6 Responses to How often do people like a leader?

  1. Andrei says:

    Here’s a telling point from Chris Trotter’s piece that you omitted

    Key has an advantage, which I do not like. He could easily be a Labour Prime Minister. He occupies the same part of the political spectrum as Helen Clark.

    Sad but true and those who voted National in 2008 to bring the Clark regime to an end have been sorely disappointed, even if we do like John Key the man.

  2. homepaddock says:

    It was Richard Prebble who said that and he’s wrong. Key and National swallowed dead rats to get elected eg working for families and have kept promises made about them.

    But they’ve also done a whole lot of things Clark and Labour never did, nor would, and which they’ve fought tooth and nail in opposition eg the better public services which is getting more for less money; higher expectations for beneficiaries and more help for those who can work to do so; tax cuts; getting back to surplus in spite of the GFC and earthquakes when Labour left office forecasting a decade of deficits before those hurdles; partial sale of some SOEs; . . .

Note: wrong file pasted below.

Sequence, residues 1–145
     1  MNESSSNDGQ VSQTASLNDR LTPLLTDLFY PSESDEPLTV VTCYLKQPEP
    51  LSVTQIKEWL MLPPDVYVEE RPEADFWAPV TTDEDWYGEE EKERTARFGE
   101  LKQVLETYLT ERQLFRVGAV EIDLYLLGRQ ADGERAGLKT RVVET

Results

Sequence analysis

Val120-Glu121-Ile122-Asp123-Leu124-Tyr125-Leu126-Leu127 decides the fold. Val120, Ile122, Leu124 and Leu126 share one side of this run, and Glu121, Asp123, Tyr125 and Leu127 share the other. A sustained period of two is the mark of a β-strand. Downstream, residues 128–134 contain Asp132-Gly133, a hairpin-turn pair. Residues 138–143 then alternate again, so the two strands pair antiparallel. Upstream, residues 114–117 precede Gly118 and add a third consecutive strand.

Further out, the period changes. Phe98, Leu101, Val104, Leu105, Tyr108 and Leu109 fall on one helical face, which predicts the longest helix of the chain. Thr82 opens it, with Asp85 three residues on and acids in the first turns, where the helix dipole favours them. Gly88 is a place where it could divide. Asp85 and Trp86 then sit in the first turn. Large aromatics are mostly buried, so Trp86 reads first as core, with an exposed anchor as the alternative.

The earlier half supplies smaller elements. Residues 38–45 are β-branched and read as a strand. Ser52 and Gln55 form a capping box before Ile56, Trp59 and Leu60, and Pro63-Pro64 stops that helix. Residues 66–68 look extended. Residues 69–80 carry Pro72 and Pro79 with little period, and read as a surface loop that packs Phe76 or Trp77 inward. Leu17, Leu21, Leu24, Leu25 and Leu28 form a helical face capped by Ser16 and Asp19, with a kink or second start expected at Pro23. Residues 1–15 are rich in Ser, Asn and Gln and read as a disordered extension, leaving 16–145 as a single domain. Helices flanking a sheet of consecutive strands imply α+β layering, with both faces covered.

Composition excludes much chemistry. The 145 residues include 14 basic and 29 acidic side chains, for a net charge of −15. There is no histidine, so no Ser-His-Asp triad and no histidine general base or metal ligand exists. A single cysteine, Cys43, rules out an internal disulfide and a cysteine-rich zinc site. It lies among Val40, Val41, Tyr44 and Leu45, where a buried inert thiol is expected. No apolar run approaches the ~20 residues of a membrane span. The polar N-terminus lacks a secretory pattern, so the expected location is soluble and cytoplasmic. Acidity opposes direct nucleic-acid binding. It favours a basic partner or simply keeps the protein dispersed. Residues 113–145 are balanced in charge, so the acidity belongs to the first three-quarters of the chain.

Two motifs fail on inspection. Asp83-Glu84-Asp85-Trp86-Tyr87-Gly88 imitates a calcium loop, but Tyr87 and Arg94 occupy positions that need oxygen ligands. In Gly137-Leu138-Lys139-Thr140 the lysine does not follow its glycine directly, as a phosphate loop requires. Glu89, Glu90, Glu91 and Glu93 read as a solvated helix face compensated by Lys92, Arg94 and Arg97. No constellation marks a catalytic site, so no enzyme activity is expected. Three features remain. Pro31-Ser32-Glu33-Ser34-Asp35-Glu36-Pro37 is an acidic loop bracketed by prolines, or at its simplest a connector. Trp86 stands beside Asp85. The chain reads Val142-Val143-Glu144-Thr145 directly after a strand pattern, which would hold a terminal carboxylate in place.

Lots of people would like the government to go further to the right – I would in some areas. But I accept the reality of politics and that small steps,taking enough people with you is more likely to allow you back into government to do more than more radical changes which alienate voters and get undone with a change of government.